Saudi Arabia's SABIC Looking At Investing In US
ABU DHABI, Dec 6 (Reuters) - Petrochemicals company Saudi Basic Industries Corp is considering several possible investments in the United States, while state oil giant Saudi Aramco is looking at gas prospects abroad, Saudi energy minister said on Wednesday.
However, Saudi Aramco's interest in gas investments is closer to home, probably in Africa or the Mediterranean, Khalid al-Falih told reporters on the sidelines of an industry conference in Abu Dhabi.
"SABIC ... is looking at multiple investments in the U.S., taking advantage of this plentiful gas supply, especially ethane, to crack it and create petrochemical products not only for the U.S. but for exports out of the U.S. to grow its markets around the world," Falih said.
Last month SABIC's chief executive, Yousef al-Benyan, told Reuters the world's fourth-biggest petrochemicals company planned to make a decision by the end of next year on an investment in a cracker plant in Texas with an affiliate of Exxon Mobil.
"The U.S. gas (market) is already saturated, there are plenty of investors. I don’t think the U.S. needs further investments from Saudi Aramco ... Aramco's interest in international gas is probably elsewhere, closer to home perhaps in Africa or the Mediterranean," Falih said on Wednesday.
Falih, who is also Aramco's chairman, said last year that Aramco was interested in investing in international upstream ventures, particularly gas, and could invest in importing gas into the kingdom.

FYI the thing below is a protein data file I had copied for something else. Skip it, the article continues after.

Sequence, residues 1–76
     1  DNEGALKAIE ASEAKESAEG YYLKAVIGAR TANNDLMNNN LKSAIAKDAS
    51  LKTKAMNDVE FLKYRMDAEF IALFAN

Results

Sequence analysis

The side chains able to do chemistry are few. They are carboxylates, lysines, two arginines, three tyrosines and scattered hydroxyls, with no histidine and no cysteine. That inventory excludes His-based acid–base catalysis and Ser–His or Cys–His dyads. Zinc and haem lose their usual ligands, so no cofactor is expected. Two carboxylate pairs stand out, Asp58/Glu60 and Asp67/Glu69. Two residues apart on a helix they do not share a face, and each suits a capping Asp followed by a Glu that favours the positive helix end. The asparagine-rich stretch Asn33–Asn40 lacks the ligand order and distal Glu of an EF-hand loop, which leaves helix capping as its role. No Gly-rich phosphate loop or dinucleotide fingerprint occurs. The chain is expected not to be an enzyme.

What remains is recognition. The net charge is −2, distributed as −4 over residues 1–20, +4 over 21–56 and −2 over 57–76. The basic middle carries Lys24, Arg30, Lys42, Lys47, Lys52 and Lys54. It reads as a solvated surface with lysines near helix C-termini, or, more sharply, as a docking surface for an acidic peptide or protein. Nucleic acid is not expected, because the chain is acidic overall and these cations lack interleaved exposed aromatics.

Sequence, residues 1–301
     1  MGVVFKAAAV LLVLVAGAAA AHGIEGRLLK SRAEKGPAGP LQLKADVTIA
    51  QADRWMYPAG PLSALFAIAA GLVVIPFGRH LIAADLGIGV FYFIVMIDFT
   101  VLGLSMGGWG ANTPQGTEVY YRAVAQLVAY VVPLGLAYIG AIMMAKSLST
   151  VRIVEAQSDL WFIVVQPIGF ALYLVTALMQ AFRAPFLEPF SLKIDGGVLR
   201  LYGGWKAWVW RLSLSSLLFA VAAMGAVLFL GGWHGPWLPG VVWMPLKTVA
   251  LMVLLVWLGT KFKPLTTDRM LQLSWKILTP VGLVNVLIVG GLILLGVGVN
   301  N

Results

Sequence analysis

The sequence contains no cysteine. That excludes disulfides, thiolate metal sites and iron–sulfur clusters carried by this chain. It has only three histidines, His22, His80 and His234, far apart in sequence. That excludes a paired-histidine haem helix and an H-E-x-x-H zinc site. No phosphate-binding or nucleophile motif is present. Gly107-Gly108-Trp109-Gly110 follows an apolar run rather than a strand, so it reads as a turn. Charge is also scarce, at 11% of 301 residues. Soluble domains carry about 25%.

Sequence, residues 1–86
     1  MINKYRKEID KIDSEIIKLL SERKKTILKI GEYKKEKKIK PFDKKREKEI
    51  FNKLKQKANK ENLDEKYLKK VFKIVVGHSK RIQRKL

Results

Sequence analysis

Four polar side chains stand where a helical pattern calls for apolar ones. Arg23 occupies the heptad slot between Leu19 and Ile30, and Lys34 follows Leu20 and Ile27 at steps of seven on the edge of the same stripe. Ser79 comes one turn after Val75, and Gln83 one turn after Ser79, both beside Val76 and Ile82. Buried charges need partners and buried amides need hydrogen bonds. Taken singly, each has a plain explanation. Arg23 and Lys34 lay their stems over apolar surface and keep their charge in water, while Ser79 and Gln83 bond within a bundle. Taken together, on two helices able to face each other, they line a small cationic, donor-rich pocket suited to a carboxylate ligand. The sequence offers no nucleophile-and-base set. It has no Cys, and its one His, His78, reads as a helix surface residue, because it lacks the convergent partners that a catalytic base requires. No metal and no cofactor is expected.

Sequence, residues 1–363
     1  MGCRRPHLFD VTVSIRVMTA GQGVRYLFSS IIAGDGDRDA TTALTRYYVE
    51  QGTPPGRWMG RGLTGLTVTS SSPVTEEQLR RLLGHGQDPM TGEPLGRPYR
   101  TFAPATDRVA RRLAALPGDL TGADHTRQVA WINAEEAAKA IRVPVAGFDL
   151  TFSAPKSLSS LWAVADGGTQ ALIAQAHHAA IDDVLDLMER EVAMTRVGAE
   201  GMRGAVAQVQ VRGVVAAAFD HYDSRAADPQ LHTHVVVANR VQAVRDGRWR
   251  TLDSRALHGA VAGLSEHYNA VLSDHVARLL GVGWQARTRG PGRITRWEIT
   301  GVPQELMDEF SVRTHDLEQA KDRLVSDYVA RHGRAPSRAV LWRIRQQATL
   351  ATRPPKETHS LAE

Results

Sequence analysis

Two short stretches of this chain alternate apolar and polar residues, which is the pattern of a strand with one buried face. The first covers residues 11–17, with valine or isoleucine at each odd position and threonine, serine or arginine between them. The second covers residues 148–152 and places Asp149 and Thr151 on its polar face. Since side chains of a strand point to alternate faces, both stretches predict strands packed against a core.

U.S. Energy Secretary Rick Perry said on Wednesday that he has held discussions with Saudi Arabian officials on possible imports of liquefied natural gas (LNG) from the United States.
Perry was speaking at the same industry conference in Abu Dhabi in the course of his first official visit to Saudi Arabia, the United Arab Emirates and Qatar this week.
The U.S. energy chief has met with Saudi Crown Prince Mohammad bin Salman and Falih and visited Saudi Aramco during his trip.
Aramco is preparing for a share listing next year, aimed at getting a valuation of up to $2 trillion for the company in what could be the world's biggest initial public offering (IPO).
Falih reiterated on Wednesday that the IPO was being planned for the second half of 2018.
(Reporting by Rania El Gamal; Writing by Saeed Azhar; Editing by Andrew Torchia, Greg Mahlich)
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